underlying force is your root cause.
* Commitment: truly wanting and welcoming change to occur.
* Preparation: giving yourself time and space to think and feel about change.
* Action: implementing part of the change you want; try it out.
* Listening to your intuition: discerning cues and messages from your inner truth.
* Identifying elements in your life that don’t add value, and are negotiable for change.
* Financial implications of your transformation.
* Time allocation: developing the framework for how to use your time.
* Relationships: surrounding yourself with positive rather than negative people.
* Tangible goals: breaking your plan into manageable parts to enable action to occur.
all the steps are important, the first two are critical. In fact, they
can be “deal breakers.” If you don’t identify the root cause for change
and make a commitment, you will never follow through, and your life
will pretty much remain the same. Unsatisfactory. But now you have
awareness that something needs to change, and that awareness won’t go
away. It will either bother you or motivate you.
situation, it wasn’t enough for me to realize I was working too much. I
then had to accept it had been my choice, and I wanted to learn to make
more fulfilling choices for how I spent my time, and then make the
commitment to change. It’s not easy, even when you know what needs to
I can now say that I have truly transformed how I view
my life, the importance of relationships, the use of money as a minimal
tool to have what I need, and the expansive nature of the Universe for
learning my role, gifts and purpose. This was accomplished by
implementing changes over the past eight years, mostly through trial
Some of the early changes included downsizing to a
smaller easy-to-care-for house and taking on fewer clients, which
allowed me to be more selective with who and what I worked on. From
there, I was able to serve on organizational and city Boards, be active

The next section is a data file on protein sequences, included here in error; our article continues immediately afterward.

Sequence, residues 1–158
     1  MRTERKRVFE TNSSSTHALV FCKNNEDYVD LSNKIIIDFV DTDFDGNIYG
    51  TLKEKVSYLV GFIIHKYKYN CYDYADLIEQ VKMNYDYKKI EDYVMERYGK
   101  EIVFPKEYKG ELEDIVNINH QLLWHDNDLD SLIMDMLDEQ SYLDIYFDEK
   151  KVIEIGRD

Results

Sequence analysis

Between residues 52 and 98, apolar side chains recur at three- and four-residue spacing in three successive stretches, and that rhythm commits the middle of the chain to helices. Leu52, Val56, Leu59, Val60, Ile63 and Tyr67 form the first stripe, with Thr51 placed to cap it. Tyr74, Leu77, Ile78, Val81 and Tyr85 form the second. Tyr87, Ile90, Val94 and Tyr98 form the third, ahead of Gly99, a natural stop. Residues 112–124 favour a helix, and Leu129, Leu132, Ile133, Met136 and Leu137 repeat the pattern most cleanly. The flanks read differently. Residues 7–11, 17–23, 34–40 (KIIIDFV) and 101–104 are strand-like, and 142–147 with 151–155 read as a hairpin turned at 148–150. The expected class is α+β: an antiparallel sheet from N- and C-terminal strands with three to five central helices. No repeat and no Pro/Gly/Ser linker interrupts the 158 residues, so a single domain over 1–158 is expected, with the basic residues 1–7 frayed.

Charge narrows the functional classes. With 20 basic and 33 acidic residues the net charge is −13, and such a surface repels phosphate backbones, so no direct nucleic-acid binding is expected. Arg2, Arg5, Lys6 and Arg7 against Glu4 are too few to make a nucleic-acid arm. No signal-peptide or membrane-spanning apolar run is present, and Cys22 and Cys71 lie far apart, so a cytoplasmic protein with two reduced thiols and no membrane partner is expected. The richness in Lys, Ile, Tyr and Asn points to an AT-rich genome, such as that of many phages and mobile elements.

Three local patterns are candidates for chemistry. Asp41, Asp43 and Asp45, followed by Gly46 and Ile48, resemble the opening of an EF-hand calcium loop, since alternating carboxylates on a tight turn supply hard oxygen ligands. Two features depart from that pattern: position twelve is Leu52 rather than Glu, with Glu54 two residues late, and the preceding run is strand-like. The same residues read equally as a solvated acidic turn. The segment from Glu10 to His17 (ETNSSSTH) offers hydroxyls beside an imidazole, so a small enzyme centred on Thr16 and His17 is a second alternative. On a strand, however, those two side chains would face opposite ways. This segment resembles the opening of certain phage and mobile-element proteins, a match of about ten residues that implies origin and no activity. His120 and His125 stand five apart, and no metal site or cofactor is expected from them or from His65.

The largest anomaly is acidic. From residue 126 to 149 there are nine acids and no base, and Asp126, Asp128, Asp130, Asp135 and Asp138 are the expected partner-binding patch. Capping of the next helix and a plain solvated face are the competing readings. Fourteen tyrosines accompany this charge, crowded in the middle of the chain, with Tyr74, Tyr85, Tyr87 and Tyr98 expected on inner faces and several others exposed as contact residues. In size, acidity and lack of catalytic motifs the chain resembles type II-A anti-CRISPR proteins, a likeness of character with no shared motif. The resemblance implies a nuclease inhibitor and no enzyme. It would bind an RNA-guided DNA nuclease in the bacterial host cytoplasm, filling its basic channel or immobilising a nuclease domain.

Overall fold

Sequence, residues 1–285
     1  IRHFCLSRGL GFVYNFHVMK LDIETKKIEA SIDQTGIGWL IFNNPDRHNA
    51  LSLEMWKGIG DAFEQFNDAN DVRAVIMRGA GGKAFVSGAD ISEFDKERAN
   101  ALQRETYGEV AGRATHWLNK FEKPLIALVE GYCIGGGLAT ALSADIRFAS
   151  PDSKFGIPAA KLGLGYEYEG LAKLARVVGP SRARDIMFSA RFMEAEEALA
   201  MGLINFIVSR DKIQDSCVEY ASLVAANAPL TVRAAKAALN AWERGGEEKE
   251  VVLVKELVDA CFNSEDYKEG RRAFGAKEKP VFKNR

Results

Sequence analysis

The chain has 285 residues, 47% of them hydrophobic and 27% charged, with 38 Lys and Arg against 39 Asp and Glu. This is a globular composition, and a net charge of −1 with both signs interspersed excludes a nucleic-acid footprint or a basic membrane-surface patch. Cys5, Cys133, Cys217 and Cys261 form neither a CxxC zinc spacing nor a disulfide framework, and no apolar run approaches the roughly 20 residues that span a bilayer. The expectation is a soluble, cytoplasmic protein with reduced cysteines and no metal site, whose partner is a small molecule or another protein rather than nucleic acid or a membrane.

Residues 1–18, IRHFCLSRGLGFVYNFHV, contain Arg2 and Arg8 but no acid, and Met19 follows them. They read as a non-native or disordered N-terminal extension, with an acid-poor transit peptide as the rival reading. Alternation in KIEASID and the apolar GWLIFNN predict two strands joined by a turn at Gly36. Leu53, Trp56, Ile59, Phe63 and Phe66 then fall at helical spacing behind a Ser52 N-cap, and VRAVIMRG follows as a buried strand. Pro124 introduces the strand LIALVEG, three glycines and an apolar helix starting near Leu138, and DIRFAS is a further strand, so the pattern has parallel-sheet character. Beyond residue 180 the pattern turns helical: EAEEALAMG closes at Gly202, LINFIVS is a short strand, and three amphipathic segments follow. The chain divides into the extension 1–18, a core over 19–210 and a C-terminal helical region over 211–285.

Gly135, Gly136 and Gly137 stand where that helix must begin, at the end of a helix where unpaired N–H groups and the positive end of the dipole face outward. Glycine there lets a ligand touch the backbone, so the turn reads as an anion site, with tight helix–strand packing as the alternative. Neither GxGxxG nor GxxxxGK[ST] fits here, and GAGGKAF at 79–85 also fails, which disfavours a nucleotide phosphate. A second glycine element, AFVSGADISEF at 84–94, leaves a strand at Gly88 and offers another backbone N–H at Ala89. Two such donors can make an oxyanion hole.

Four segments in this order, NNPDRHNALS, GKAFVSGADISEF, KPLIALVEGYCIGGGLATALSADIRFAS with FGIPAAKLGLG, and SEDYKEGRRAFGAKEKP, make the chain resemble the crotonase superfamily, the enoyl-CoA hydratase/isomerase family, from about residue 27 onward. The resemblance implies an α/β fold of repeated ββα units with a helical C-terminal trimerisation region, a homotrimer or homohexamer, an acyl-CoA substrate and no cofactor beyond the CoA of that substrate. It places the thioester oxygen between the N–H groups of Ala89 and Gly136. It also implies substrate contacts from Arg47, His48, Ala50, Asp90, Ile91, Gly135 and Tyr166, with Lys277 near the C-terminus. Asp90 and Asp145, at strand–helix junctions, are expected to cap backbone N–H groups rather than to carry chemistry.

with my son’s school and athletics, and express my repressed creativity
through art and crafts.
My work focus also changed. I am writing
my next book, and sharing with people, such as yourself, the concepts
and practice of transformational change, through retreats and speaking.
But it does not feel like work, which is a sign of true passion, when
the action feels effortless because you WANT to do it.
through my experiences leading self-discovery retreats, I’ve noticed
three main groups who hit a point where change is more urgent to
address. The first, career-focused 35 year-olds, sometimes peak in
their first career choice and are looking for new, more stimulating
challenges. The second group, the more firmly established 45 year-olds,
are asking what else is there for me in life? The third,
approaching–retirement 55 year olds, often ask themselves if it is too
late to start something new and completely different.
of your age, any person can and should take time to give serious
thought as to where they experience passion and energy. That
self-discovery process can be the critical first step in
transformation. Once you are clear on what gives you joy and meaning,
then you want to find ways to incorporate that more into your life,
possibly working through all 10 steps of transformation for true
After all, if we are going to spend a large number
of hours in our lives in a career or relationship or location, we might
as well be excited and happy about our choices. I know I am!